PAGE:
The Other State Department: the United States Mission to the United Nations: Its Role in the Making of Foreign Policy

The Other State Department: the United States Mission to the United Nations: Its Role in the Making of Foreign Policy

The Other State Department: the United States Mission to the United Nations: Its Role in the Making of Foreign Policy

The Other State Department: the United States Mission to the United Nations: Its Role in the Making of Foreign Policy

Excerpt

Lincoln Bloomfield has written:

Students of international organization, like students of domestic government, usually focus their attention on problems of formal organizational structure and arrangements and quite often neglect the sub-stratum of informal operations and relationships. The study of public administration, in its quest for greater depth of perception, has in recent years gained rich insights through analysis of the informal and human aspects of policy-making. But international organization, still a parvenu from the American standpoint, has scarcely felt the scalpel of this particular form of dissection.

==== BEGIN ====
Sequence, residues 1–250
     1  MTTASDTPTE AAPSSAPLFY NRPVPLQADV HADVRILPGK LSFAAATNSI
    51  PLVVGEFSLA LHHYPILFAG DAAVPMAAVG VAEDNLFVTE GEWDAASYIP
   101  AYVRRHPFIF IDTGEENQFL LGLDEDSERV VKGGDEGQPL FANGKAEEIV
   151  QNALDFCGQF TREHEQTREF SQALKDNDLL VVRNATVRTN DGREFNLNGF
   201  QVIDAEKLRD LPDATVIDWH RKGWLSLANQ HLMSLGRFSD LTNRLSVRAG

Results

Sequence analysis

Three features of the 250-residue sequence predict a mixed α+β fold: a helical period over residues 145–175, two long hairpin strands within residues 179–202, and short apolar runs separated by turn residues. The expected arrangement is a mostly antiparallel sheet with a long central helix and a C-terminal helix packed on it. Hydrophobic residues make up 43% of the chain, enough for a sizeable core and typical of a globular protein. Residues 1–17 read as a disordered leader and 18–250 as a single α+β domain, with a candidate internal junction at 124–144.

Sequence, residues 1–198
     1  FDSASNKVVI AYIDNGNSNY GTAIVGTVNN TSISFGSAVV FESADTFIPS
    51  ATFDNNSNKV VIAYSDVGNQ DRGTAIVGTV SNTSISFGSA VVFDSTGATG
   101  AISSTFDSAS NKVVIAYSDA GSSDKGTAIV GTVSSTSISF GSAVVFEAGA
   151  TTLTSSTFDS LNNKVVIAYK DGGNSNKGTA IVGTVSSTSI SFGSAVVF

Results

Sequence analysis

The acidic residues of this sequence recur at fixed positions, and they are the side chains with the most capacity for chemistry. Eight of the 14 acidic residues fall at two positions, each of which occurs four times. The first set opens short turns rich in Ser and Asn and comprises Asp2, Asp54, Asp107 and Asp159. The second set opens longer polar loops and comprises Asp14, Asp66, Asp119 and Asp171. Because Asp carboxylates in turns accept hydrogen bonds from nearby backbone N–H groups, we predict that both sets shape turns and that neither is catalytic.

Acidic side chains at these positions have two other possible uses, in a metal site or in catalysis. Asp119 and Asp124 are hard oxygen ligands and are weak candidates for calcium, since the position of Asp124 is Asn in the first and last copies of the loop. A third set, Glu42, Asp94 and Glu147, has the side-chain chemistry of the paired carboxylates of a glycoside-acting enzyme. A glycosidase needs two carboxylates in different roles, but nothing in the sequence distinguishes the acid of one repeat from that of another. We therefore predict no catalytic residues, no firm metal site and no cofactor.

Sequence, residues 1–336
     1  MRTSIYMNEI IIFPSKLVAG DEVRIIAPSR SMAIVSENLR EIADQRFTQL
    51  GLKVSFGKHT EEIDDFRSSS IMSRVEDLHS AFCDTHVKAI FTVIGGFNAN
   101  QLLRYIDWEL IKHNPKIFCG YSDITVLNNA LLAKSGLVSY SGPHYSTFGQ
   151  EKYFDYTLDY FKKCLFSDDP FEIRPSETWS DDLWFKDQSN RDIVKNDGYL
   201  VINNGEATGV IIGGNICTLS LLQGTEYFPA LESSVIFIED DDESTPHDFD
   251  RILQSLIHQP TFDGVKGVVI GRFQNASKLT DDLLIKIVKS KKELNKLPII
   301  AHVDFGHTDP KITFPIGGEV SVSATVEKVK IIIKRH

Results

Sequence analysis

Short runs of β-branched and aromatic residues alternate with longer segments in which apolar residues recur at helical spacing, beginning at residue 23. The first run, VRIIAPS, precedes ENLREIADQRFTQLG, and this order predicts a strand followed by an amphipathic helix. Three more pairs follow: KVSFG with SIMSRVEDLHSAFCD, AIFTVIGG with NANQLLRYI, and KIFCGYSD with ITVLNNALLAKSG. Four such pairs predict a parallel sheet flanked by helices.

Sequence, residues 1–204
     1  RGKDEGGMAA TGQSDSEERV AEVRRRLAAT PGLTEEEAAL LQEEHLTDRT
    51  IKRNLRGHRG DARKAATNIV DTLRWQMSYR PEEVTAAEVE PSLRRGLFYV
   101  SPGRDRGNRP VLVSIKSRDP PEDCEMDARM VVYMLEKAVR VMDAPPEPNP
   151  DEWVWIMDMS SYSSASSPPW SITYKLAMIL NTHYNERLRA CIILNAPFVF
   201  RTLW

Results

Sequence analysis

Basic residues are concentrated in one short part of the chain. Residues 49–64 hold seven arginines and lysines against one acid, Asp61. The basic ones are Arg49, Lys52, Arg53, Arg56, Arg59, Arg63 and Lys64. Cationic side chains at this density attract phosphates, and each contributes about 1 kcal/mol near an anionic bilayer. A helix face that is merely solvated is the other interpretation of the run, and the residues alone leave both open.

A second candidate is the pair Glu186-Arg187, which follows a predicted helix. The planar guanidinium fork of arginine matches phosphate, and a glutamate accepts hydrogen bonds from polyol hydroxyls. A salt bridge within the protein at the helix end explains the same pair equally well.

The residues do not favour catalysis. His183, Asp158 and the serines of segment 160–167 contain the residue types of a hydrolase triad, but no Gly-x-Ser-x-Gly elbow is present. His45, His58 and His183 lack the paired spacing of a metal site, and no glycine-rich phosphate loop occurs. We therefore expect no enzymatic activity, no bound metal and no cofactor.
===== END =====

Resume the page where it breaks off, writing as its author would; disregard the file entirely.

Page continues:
Although this statement is not so applicable today as when it was made in 1958, it is still true that little has been reported about the actual operations of USUN, its living system, its subsystem, its assorted roles, its boundaries. Let me first define these analytic phrases. "The living system represents how things are, not merely how they are supposed to be," writes Chris Argyris. David Easton has suggested that subsystems abstract "from the . . .

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